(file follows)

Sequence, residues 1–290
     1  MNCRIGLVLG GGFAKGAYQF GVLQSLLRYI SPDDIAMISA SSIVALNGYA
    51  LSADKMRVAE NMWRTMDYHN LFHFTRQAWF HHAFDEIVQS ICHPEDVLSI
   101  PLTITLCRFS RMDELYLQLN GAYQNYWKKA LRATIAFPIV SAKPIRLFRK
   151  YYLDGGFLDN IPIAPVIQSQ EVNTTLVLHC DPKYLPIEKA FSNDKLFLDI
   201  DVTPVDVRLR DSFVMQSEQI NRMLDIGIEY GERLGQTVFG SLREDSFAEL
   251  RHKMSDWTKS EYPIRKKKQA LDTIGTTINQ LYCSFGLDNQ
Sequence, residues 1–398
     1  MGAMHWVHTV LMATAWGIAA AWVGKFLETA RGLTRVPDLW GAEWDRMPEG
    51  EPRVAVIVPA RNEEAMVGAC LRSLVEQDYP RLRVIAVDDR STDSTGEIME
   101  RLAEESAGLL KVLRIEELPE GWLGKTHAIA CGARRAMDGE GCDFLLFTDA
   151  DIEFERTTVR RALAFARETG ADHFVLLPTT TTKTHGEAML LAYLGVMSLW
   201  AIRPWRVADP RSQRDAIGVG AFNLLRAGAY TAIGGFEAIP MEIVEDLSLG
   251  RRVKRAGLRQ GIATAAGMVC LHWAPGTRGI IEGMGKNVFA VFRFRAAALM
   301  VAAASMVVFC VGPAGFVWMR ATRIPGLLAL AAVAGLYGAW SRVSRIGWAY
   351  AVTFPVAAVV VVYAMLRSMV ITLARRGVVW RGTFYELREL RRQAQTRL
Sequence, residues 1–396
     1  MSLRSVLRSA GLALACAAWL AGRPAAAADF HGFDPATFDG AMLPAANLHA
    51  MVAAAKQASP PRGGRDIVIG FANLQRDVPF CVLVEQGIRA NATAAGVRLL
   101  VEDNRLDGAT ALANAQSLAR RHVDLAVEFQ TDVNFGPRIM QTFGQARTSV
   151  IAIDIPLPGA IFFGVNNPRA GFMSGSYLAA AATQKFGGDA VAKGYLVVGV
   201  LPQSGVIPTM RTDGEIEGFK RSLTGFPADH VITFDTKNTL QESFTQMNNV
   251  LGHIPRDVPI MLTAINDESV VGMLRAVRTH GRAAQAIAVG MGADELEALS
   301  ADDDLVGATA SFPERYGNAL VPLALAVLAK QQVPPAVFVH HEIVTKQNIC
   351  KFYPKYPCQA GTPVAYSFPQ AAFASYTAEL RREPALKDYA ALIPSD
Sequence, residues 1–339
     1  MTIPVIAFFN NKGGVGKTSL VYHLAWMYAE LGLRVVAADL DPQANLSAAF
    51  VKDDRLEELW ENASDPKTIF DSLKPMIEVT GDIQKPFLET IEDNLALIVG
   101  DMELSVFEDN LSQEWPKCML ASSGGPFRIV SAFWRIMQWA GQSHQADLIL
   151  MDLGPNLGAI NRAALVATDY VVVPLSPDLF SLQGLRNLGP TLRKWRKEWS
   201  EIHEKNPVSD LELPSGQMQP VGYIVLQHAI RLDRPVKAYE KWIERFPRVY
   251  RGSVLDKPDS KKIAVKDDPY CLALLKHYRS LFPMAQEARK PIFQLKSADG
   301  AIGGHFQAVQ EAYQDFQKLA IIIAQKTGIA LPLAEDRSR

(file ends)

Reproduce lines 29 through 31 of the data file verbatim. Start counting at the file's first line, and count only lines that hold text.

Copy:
   101  DMELSVFEDN LSQEWPKCML ASSGGPFRIV SAFWRIMQWA GQSHQADLIL
   151  MDLGPNLGAI NRAALVATDY VVVPLSPDLF SLQGLRNLGP TLRKWRKEWS
   201  EIHEKNPVSD LELPSGQMQP VGYIVLQHAI RLDRPVKAYE KWIERFPRVY